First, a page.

- Healthcare costs for employers are expected to reach $15,000 per employee in 2019, according to the National Business Group on Health.
- By 2030, nearly one in two Americans will suffer from at least one chronic condition, according to a Rand Corp. study in the American Journal of Managed Care.
Chronic-condition management should be at the very top of employers' healthcare strategies. Reason: Annual healthcare costs for workers with a chronic condition (diabetes, high cholesterol, heart disease, etc.) are five times higher than for workers without such a condition.
Employers are providing disease management programs and health screenings to combat chronic conditions and keep employees healthy. More than half (55%) of employers have made telehealth a part of their health plan, according to the Medical Trends and Observation Report.
On-site clinics: As many as 65% of large companies are expected to offer on-site or near-site health centers to bolster their benefits by 2020, reports the National Business Group on Health. And many smaller companies are banding together to share the costs of healthcare clinics. Companies have seen major ROI in reduced absenteeism when this option is added, according to the National Alliance of Healthcare Purchaser Coalitions. Also providing a health clinic can offer same or next-day appointments, which can help solve a concern of millennial workers, who expect shorter wait times.
Wellness technology: With fitness-tracker Fitbit leading the way, firms are investing in the new wave of apps and wearable devices to help employees lose weight, quit smoking or manage diabetes. The remote monitoring technology, where biometric data is transmitted to a provider via scales, glucose meters and heart-rate monitors, is used by 56% of plans.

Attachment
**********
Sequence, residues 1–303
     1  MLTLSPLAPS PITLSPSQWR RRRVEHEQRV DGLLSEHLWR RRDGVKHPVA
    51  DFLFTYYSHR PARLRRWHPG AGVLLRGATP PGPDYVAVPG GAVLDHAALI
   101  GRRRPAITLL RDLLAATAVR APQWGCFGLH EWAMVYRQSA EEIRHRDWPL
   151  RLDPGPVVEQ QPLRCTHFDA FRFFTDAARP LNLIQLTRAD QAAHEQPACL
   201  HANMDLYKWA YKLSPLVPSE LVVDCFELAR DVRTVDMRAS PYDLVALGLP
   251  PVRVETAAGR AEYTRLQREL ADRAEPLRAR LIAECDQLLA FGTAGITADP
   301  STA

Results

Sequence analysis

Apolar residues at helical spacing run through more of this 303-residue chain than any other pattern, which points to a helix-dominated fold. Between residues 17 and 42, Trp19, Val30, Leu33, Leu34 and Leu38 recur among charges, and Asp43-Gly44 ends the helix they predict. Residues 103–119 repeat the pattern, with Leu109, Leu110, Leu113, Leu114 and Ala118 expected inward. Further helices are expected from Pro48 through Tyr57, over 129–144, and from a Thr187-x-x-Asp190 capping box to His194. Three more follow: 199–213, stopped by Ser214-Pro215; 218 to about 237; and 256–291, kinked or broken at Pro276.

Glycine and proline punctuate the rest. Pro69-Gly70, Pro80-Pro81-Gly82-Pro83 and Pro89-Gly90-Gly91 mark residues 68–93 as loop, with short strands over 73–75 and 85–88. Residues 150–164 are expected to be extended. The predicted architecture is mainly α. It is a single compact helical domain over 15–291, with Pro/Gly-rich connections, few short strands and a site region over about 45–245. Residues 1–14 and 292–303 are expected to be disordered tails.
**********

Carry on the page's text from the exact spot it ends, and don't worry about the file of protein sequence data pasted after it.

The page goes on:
Trend No. 3: Voluntary benefits are driving retention
More than two-thirds (72%) of organizations increased their benefits offerings to retain employees in the last 12 months, according SHRM's The Evolution of Benefits report. More and more employers are looking to benefits to attract/retain employers in a tight job market, so there is a host of more trendy benefits being offered.
Companies are using a new breed of work perks to lure employees, according to FitSmallBusiness.com, which explains why the following perks are growing in popularity:
Paw-ternity leave: Pet owners have lower stress levels, creating a more productive workplace. Currently, only about 5% of companies offer this pet perk, with an average leave time of one week.
Egg freezing/fertility: These benefits are on the rise, thanks to big companies like Apple, Facebook and Google at the forefront. With this perk, workers are 62% more likely to stay put, says a new study.
Free life coaching: Mental health and happiness go hand in hand. That is why companies' offerings include counseling, healthy living programs and work-life coaching to help employees with both personal and professional goals.
Free beer: Having a beer fridge can lead to a happier staff that is more committed to the job. About 11% of employees currently enjoy this perk.
Pet bereavement: Even though only a few employers offer this perk, but it is one that 35% of workers want and companies are starting to recognize the upheaval that their employees go through after the death of a pet. Kimpton Hotels in San Francisco offers three days, while Mars Inc. gives workers one day and the option to work remotely thereafter.
Employees' desires for benefits tailored to their own needs is changing the mix of offerings. And this trend will be the key to keeping top talent.
Posted In: Employee Benefits; Human Resources, General; Hiring/Recruiting
Want to know more? Read the full article by Rachel Mucha at HR Morning